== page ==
Social LoafingPosted: August 30, 2015
This post originally appeared on a different forum a couple of years ago:
Since my last post, I have been involved in lots of discussions on Twitter about group work. I have begun to wonder whether some people think that I actually coined the term ‘social loafing’. Quite the contrary; social loafing is a well investigated phenomenon. However, few teachers know about it.
In fact, nobody ever taught me about social loafing. Group work was always encouraged as a ‘good in itself’ when I was training although I did notice how scarce it was in the classrooms of effective teachers in my placement schools. No, I only found out about social loafing research about a year ago. And I came to it by thinking about meetings.
I know that you wouldn’t want your mum, friend or partner to say this, but I can get away with it because I am a teacher myself: Teachers have an extraordinary ability to spew forth platitudes in meetings and at great length. You know the sort of thing; “We need to put the children at the centre of what we do.” Really? I was going to go with jam, “We need to develop agency.” How, exactly? And my favourite deepity of all, “We need to engage our learners in learning how to learn.”
So it was in the midst of one such meeting that I began to wonder whether there was any research on the effectiveness of, well, meetings. At home, I took to Google Scholar and found that there was.
There is a quite wonderful experiment that has been conducted many times in different contexts. You give people a brainstorming task to do. There are certain rules that are followed; for instance, there should be no evaluation of ideas in case this causes people to withhold. You then ask some participants to brainstorm alone whereas you place others in groups. The results are quite clear; more unique ideas are generated by four people working individually than by a group of four. The disparity increases with group size. All of the obvious variations have been performed and the obvious questions tested, such as whether group ideas are better. But the findings are robust; groups do less useful work than the same number of individuals.
This is easy to understand. Thinking is difficult and we do whatever we can to avoid it. I am a maths teacher but if the calculator is out on my desk it is hard for me to not use it. Groups provide us with cover to slack off. This is social loafing. Most research papers are concerned with how to mitigate this effect; making individual group members personally responsible, for instance, seems to help. However, it apparently does this by making group work more like individual work.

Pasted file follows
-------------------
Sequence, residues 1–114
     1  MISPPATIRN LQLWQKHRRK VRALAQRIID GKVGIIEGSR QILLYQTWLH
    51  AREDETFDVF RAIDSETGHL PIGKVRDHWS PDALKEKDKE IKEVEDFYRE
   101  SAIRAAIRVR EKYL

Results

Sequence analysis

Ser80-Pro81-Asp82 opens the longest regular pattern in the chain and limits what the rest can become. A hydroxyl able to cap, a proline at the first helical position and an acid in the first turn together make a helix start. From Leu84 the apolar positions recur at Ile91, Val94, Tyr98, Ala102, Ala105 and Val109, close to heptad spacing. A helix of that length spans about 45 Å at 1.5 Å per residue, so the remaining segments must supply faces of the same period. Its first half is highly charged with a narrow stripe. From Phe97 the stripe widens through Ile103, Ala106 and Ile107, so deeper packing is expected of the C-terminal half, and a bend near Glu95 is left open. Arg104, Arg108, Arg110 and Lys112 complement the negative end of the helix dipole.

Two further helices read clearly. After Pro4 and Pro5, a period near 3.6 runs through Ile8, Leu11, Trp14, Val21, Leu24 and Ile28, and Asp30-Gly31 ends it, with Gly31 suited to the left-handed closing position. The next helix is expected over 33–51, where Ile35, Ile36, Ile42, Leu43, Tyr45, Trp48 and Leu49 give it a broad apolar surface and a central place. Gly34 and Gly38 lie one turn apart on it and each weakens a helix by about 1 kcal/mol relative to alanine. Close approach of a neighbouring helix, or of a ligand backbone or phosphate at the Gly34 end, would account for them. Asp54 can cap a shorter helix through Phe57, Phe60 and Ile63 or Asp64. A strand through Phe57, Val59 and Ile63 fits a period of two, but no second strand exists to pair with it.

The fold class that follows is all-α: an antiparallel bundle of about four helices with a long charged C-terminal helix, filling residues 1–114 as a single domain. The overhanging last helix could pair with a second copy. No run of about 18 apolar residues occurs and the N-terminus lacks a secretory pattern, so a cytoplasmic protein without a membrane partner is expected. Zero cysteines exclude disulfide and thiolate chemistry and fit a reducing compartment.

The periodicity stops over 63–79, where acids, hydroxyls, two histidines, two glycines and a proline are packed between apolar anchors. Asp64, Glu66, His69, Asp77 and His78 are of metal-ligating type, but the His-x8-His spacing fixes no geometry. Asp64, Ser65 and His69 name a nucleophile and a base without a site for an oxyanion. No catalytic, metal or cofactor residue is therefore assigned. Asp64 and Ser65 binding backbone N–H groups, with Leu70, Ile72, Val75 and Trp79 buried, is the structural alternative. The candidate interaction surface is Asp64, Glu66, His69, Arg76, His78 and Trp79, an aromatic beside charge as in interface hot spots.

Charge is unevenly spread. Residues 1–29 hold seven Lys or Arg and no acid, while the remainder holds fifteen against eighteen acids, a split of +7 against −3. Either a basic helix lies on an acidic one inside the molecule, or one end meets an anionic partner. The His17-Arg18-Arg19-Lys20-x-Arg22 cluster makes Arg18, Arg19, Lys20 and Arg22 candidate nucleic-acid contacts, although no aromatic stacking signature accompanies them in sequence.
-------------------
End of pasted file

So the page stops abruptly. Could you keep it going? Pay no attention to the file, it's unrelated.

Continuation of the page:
Slavin does something similar when he writes about group work. He undoubtedly is of the view that group work is effective and that there is research evidence to support this. However, he also spends a lot of time on how to do it right; how to mitigate the well-known problems.
But – here’s a thought – perhaps we can avoid the negative effects of group work by simply not doing group work. What would we lose? I suspect we would not lose a great deal. Collaboration can be very powerful but, if this is what you want, I would suggest experimenting with short, controlled periods of paired work. There is also a lot of talk about learning certain skills through group work such as ‘tolerance’. Perhaps, in a group-work free world, children would not develop such skills?
Although you might be able to instruct students in a few basic heuristics such as ‘wait your turn’, tolerance is not essentially a skill. It is a judgement based upon knowledge and it is not always a good thing. Tolerance of racism from one of your group-mates, for instance, would be a bad thing as far as I am concerned. How can we educate children about this? We teach them history and science so that they can form their own judgements. And we teach these subjects as effectively as we can. Trying to teach tolerance as a ‘skill’ implies that the teacher makes these judgements on the students’ behalf.
It’s not even as if social loafing is the only problem associated with group work. What about the problems of having to orchestrate the class with all this group work going on? The teacher’s time is split between groups so he or she will often have to keep repeating the same things. Also, how do we know that the students collaborating in a group at the back of the room are not cementing and reinforcing common errors and misconceptions? We probably won’t find out quickly and so undoing these issues will make the learning less efficient.
Of course, that nice, small class of eighteen-year-olds who have opted to study Philosophy may well seem to take to group work. In fact, the learning may be almost as effective as in a more didactic style. Perhaps the variation that it offers may even, through increased motivation, make up for its other shortcomings. Perhaps.
I remain to be convinced.